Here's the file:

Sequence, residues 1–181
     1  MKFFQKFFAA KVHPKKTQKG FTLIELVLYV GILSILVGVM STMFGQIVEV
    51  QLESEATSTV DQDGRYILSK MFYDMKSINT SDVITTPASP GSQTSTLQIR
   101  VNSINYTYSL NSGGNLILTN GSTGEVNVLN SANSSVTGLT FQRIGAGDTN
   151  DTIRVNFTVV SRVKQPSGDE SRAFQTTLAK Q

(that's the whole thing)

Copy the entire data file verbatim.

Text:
Sequence, residues 1–181
     1  MKFFQKFFAA KVHPKKTQKG FTLIELVLYV GILSILVGVM STMFGQIVEV
    51  QLESEATSTV DQDGRYILSK MFYDMKSINT SDVITTPASP GSQTSTLQIR
   101  VNSINYTYSL NSGGNLILTN GSTGEVNVLN SANSSVTGLT FQRIGAGDTN
   151  DTIRVNFTVV SRVKQPSGDE SRAFQTTLAK Q